Your post is difficult to respond to. I am not interested in trying to debunk your caricature of me and my ideas point-by-point. It appears to be mostly one-liners and sweeping generalizations about whole groups of people without much substance. For example, there are those you would call liberals who have a very strong ethic of personal responsibility and family, and those you would call conservatives who do not. And, of course, vice versa. Real life often defies easy stereotypes.
David, it is possible to call for personal moral responsibility and social responsibility at the same time, moving beyond the old paradigms of liberal and conservative.

Both are important. I believe that a common-good agenda, rooted in the moral center, could unite diverse people on the really big issues. It is possible to “find common ground by moving to higher ground” and actually make some progress on the most important questions of our time.
If you know anything at all about me and my books, you know that what you’re attacking is neither what I say nor what I believe. If you want to debate someone who is pro-abortion and who is willing to defend what you call a socialist-activist role for government, find someone else. It’s not me.
So, let’s go back to the big picture. I’m glad that you think I’ve done “an amazing service in helping to legitimize the idea … that spiritual values deserve a role in shaping political values.” It’s what I have been saying and writing for more than thirty-five years. I’m very happy that the idea has now become a mainstream idea, with many voices saying what we’ve been saying for a long time.
But you say that we should have “litmus test for whether a candidate really feels God should have a say in the ordering of our laws.” There is a very large difference between grounding political ideas in spiritual values and thinking God should write our legislation, or that we can clearly know what God would write.

I have great respect for Judaism and the witness of the Hebrew Bible. I have written that the place to begin to understand the politics of God is with the prophets, the ancient moral articulators in the Scriptures who claimed to speak in “the name of the Lord.” Their topics were quite secular–land, labor, capital, wages, debt, taxes, equity, fairness, courts, prisons, immigrants, other races and peoples, economic divisions, social justice, war, and peace–the stuff of politics.
And they usually spoke to rulers, kings, judges, employers, landlords, owners of property and wealth, and even religious leaders. They spoke to “the nations,” and it was the powerful who were most often the prophets’ target audience; those in charge of things were the ones called to greatest accountability. And whom were the prophets usually speaking for? Most often, the dispossessed, widows and orphans (read: poor single moms), the hungry, the homeless, the helpless, the least, last, and lost. Is God into class warfare? No, God wants the “common good,” but speaking for the common good can get one accused of calling for class warfare–usually by the elites who control the political discussion and do not want too much conversation about what God thinks of our political priorities. But, you probably think the prophets believed in a “socialist-activist role for government.”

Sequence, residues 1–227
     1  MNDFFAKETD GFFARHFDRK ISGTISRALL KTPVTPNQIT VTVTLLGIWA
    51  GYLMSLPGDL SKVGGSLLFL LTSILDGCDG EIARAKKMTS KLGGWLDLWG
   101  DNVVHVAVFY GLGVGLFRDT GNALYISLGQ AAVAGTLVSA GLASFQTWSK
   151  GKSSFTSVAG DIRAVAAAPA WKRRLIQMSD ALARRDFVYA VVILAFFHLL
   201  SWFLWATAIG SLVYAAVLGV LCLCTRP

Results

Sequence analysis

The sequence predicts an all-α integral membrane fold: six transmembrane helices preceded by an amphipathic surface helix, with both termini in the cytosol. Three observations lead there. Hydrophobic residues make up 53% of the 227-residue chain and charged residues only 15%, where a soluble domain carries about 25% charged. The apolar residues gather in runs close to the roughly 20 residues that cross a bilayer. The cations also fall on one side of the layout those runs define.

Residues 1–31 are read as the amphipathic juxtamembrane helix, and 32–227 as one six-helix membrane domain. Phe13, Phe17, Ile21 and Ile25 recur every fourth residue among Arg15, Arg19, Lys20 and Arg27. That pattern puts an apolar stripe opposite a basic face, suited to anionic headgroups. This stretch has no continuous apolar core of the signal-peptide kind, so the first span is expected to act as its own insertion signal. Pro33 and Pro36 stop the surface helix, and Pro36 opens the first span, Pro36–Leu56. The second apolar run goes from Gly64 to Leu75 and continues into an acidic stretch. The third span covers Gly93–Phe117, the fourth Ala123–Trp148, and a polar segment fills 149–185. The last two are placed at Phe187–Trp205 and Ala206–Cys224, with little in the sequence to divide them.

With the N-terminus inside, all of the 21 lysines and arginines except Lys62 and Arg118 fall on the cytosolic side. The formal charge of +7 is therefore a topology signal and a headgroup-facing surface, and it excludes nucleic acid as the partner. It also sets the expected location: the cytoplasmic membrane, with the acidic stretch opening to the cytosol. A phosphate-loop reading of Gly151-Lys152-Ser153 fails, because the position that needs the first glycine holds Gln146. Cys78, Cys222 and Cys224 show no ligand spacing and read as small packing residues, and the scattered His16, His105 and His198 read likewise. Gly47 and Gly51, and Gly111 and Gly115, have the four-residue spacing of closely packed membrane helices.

As a Christian, my world view is also shaped by the call of Jesus to a new order and a new community – an alternative community living a new way of life, visibly demonstrating the values of Jesus and the Kingdom of God. That is my starting point for faithful political witness. And with that as the vision, concrete political priorities and policies can be judged by whether they bring us closer to it or farther away from it.
I have written that on many of the critical issues of the day, I believe that there is common ground to be found. And I believe that the prospect of real social change can be animated by the testimony and action of faith. But I also believe that political appeals, even if rooted in religious convictions, must be argued on moral grounds rather than as religious demands–so that the people (citizens), whether religious or not, may have the capacity to hear and respond. Religion has no monopoly on morality, it must be disciplined by democracy and contribute to a better and more moral public discourse. Religious convictions must therefore be translated into moral arguments, which must win the political debate if they are to be implemented. We don’t get to win just because we are religious. Like any other citizens, we have to convince our fellow citizens that what we propose is best for the common good– for all of us and not just for the religious. We must make our appeals in moral language and secular people should not fear that such appeals will lead to theocracy.
We have to get beyond the caricature of people and groups and talk about real substance, real ideas, and real policy issues. Can you do that, David? And I never did get a response to whether you think that your share of our more than 500 billion tax dollars (so far) have been well spent on the war in Iraq.
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